In addition to the building of a hotel, Bank and Walkley’s northwest corner is now also home to a new-ish Shoppers Drugmart (the one just a few blocks North on Bank is still open, just not as ‘pretty’) and construction has begun on a “Warehouse Loft” condo building.  Linden Developments, in partnership with Marriott, has now begun preliminary work on the site, describing on their website their attempt to bring back a sense of Ottawa’s industrial past with their new loft units. Glossy promotional images of brick walls and modernist furniture complete the lifestyle sell that does not seem to realize where it is located, or the fact that this is not an actual “loft” conversion of a former factory, simply an architectural pastiche. Far from an urban metropolitan street corner, Bank and Walkley seems to be having an identity crisis, or perhaps hoping for a change in identity. But build it and they will come… and who will come, and how this will change the area, is the million-dollar question.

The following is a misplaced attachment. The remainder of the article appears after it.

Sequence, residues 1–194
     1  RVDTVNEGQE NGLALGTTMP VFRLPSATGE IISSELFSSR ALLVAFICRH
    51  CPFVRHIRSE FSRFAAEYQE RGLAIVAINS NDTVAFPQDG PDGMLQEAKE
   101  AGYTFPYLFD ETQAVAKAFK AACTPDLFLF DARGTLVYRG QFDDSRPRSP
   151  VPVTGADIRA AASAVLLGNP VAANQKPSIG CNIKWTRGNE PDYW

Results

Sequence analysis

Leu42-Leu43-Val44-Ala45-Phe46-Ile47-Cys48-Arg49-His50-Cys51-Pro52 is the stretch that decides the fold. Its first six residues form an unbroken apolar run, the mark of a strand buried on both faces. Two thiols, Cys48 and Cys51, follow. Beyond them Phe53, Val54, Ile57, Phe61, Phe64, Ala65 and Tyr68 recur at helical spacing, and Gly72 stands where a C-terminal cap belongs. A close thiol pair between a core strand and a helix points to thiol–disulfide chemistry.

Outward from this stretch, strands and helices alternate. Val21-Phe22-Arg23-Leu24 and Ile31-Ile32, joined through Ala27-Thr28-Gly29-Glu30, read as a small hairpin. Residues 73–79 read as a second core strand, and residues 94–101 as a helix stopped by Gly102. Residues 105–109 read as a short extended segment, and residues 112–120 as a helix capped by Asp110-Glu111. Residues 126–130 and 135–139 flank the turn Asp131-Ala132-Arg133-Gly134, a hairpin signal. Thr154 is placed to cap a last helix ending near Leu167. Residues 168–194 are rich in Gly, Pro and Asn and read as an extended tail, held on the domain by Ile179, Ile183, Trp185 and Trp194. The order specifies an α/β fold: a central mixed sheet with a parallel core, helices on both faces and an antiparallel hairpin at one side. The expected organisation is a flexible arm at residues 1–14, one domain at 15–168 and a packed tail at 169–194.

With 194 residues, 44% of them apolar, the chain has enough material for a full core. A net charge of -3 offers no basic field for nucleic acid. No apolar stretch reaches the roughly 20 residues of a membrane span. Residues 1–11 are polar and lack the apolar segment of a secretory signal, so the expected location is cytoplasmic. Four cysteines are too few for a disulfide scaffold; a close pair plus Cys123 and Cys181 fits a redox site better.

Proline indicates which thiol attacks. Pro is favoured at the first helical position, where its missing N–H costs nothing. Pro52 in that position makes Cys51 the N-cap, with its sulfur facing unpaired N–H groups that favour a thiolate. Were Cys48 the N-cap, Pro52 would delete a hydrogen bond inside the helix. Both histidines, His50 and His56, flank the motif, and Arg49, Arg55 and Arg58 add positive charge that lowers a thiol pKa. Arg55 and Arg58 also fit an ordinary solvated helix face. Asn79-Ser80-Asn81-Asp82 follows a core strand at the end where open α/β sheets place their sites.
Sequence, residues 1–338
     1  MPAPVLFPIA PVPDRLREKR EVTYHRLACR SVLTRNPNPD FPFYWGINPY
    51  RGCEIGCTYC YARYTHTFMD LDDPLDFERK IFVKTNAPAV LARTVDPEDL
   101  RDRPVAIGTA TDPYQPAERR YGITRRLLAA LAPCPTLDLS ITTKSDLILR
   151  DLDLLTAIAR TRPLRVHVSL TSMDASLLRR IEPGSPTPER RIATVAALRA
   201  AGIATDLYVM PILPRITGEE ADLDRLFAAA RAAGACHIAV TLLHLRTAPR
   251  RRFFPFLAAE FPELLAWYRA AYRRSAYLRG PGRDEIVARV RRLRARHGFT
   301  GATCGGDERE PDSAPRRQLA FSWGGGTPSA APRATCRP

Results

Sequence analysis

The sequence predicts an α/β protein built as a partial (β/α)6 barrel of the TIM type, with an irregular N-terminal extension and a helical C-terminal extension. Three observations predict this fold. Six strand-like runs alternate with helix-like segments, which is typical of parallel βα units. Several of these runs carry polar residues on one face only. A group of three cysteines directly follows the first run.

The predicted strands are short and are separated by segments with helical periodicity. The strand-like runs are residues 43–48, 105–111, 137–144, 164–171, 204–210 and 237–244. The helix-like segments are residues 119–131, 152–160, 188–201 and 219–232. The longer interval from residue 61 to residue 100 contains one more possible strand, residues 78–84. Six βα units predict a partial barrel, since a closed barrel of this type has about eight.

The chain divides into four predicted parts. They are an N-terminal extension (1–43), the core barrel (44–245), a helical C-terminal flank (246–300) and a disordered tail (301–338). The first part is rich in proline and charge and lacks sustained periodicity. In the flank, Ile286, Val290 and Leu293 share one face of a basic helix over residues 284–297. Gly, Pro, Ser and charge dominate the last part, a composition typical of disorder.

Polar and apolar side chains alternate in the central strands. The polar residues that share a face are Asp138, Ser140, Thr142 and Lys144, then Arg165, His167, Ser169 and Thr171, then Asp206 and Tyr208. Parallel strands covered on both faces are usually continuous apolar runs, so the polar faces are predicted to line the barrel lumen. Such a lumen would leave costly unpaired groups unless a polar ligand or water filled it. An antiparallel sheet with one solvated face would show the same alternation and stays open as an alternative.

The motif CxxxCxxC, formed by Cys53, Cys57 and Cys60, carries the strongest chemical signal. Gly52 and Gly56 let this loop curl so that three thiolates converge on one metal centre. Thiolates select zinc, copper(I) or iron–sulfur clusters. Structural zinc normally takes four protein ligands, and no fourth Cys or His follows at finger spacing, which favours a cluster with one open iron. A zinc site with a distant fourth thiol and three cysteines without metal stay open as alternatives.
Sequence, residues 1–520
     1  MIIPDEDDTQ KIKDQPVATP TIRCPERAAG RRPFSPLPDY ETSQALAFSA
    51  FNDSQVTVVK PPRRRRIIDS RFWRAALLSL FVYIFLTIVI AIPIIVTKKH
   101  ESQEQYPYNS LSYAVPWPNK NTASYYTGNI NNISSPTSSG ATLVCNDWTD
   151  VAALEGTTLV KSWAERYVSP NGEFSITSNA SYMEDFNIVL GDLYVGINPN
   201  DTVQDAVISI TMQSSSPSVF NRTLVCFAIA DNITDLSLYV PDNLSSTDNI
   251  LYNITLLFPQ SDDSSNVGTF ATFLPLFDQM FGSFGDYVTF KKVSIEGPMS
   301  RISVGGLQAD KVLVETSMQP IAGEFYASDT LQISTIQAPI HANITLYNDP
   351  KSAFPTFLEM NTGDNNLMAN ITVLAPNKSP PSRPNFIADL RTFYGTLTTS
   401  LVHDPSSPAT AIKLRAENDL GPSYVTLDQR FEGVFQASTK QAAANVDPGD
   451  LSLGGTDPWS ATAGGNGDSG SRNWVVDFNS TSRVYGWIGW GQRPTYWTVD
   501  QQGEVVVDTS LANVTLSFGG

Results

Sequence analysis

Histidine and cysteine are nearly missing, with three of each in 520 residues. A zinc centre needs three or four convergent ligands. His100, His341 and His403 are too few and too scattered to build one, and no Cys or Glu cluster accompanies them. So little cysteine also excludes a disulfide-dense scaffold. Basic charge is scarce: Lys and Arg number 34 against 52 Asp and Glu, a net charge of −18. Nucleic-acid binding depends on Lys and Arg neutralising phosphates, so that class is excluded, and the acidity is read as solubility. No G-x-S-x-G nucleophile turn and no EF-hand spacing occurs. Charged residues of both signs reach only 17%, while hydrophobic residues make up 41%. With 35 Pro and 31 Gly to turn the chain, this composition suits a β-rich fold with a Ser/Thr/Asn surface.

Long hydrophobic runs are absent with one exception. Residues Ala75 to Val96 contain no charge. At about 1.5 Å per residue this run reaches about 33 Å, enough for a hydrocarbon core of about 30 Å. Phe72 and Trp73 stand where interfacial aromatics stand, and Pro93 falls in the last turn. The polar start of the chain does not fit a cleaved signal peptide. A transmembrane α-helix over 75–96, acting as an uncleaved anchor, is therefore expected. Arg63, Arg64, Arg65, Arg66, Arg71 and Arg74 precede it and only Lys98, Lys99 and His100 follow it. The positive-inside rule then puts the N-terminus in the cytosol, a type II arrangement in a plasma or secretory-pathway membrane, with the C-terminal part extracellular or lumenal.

Herongate Hall

The most controversial of the redevelopment along Walkley, however, the tearing down and rebuilding of much of Herongate Mall, has quickly become a social issue for the neighbourhood as long time, and often low-income residents fear the rising shop prices that new stores in a new “mall” most likely will bring. While the free standing Scotia Bank and existing Food Basics are all that remain on this near triangle of land that is bordered by Walkley and Heron Road, a new big box Rexall opened this past April, along with a Dentist office and Subway restaurant. Long gone are the golden days of the 80s and 90s and of Dominion and Zellers. This once enclosed mall, which fell into decline in the 2000s and led to its unofficial title of being the worst mall in Ottawa, is finally getting the facelift it needs.